Three years ago, the Middle Waves
Music Festival in downtown Fort Wayne became northeast Indiana's first destination music festival, drawing crowds from across the country to the banks of the St. Marys River to hear local and national acts.
To many, the advent and ongoing success of this volunteer-driven festival symbolizes more than two days of concerts, culture, and general good vibes. It's a sign that Fort Wayne's music scene has "arrived" in some ways. Not that it's reached its full potential, but that it's reaching a critical mass—a living, breathing, and dynamic community of people with a common interest who are making things happen.
So where is Fort Wayne's music scene now, and how did we get here?
With Middle Waves heading into its third year this weekend, it's a question that many people across northeast Indiana are starting to ask.
Middle Waves is a two-day festival.
A few months ago, Phil Schurger
started a conversation about Fort Wayne's music scene on Facebook and received a flurry of responses from people around town.
A local jazz artist and professor, Schurger has spent time playing in cities like Chicago and New York, but has made his home in Fort Wayne. In his travels, he's seen that the most robust music scenes in the country have a few things in common: the right type and combination of venues and a supportive community of patrons.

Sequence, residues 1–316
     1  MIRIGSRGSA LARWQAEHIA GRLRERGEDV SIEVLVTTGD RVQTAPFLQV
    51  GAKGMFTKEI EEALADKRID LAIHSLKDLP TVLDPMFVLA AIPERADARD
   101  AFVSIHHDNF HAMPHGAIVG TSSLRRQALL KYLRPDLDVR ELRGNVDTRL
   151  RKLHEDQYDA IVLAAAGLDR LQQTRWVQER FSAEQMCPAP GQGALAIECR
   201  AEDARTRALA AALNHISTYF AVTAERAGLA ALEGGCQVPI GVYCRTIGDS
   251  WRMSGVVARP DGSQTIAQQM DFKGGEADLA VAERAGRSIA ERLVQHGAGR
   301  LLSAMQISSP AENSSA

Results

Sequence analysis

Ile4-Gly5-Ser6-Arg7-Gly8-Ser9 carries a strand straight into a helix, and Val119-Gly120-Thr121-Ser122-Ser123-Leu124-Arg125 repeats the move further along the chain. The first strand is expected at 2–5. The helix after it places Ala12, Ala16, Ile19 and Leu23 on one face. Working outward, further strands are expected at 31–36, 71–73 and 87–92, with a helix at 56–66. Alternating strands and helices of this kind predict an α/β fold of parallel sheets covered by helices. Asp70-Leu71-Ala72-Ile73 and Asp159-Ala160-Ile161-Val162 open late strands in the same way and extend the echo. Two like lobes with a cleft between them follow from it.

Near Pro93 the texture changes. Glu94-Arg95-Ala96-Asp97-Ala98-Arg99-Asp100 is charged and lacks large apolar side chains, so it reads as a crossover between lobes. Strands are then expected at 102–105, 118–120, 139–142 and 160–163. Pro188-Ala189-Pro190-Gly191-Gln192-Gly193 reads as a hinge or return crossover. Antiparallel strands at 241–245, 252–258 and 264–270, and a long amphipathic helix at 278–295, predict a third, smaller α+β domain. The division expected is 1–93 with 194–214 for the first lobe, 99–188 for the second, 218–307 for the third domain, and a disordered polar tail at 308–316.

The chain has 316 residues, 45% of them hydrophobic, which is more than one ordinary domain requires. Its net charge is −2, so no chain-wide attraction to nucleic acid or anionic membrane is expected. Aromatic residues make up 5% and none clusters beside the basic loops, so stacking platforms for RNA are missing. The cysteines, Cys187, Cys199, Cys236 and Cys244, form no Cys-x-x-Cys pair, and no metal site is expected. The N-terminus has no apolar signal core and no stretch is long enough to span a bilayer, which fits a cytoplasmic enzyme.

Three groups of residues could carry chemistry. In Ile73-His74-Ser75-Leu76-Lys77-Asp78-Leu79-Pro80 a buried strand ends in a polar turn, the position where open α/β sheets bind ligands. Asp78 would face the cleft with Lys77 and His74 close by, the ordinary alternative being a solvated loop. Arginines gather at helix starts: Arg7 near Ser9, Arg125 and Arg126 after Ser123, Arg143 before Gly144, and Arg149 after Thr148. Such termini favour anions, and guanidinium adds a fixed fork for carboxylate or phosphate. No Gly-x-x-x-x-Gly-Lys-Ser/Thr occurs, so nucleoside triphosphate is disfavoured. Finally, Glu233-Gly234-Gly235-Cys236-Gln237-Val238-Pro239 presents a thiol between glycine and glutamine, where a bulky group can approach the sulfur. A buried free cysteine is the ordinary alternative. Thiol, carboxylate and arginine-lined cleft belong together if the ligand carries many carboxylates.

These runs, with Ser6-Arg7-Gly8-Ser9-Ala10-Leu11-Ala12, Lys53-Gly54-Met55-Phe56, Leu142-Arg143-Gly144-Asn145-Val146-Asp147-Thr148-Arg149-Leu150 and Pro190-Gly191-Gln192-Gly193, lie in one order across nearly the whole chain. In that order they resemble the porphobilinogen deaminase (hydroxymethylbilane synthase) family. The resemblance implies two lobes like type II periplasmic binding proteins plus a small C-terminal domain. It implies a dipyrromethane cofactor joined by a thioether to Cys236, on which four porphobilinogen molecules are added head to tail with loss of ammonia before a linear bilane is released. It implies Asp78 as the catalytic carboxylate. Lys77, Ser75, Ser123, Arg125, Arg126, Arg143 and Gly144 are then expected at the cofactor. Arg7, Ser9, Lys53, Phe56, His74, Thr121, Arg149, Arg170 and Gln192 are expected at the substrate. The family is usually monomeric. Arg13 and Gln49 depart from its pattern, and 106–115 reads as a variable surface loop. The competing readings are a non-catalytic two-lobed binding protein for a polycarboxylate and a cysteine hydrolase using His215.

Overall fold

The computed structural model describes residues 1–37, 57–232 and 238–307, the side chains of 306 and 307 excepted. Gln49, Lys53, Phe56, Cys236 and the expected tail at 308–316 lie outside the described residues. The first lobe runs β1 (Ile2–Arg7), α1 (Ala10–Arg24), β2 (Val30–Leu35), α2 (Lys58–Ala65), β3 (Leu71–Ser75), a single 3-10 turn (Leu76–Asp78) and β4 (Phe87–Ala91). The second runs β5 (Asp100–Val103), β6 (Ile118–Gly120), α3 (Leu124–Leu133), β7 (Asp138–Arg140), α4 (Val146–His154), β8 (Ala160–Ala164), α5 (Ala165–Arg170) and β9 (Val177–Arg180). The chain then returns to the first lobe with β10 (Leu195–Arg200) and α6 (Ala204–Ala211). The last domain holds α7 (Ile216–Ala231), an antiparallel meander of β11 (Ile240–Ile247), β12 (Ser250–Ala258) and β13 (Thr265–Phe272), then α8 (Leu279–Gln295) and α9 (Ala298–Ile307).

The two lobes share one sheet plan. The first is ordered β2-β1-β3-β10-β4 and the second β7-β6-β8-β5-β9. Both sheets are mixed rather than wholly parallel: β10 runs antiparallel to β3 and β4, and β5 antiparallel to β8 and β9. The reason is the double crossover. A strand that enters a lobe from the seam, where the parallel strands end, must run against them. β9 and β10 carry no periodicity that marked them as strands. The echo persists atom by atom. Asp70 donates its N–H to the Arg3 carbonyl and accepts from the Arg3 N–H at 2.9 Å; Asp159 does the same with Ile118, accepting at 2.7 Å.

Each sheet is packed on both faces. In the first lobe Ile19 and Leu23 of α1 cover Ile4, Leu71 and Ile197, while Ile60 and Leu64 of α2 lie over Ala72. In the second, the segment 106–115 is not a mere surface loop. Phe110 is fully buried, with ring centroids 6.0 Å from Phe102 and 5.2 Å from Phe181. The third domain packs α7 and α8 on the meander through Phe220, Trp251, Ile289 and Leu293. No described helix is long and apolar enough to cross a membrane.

He says Fort Wayne has made great strides with respect to the latter, particularly thanks to venues like the Brass Rail, which have created an environment where music junkies can meet and hang out together.
Phil Schurger believes the success of the local music scene depends in part on culture.
"The greatest asset that we have as a music scene (locally) is probably the Brass Rail,”
Schurger says. "When people start playing, people listen.”
In his opinion, what Fort Wayne needs to keep its music scene growing is three to four more venues like the Brass Rail that cater to what he refers to as “different aesthetics and listening environments.”
There need to be spaces for music fans of all types to find their crowd and explore new bands in their favorite genres.
Music fans crowd the Brass Rail for a show.
Speaking of diversity, Schurger also believes there’s room for more than one type of musician in the local music scene. Right now, one stereotype of being a musician is that it means you're playing on stage in a local band or playing with groups like the Philharmonic. But that's not all that musicians can be.
"There are so many ways to make a living as a musician; the experience is different for everyone," Schurger says, noting how musicians are compensated in different ways, too.
To allow more types of musicians to thrive in Fort Wayne, he believes a sea change is in order, regarding the perceived culture of the city. With regional projects like riverfront development underway, he thinks local leaders are overlooking a vital aspect of Fort Wayne's future: how to make new spaces come alive with music and creative culture.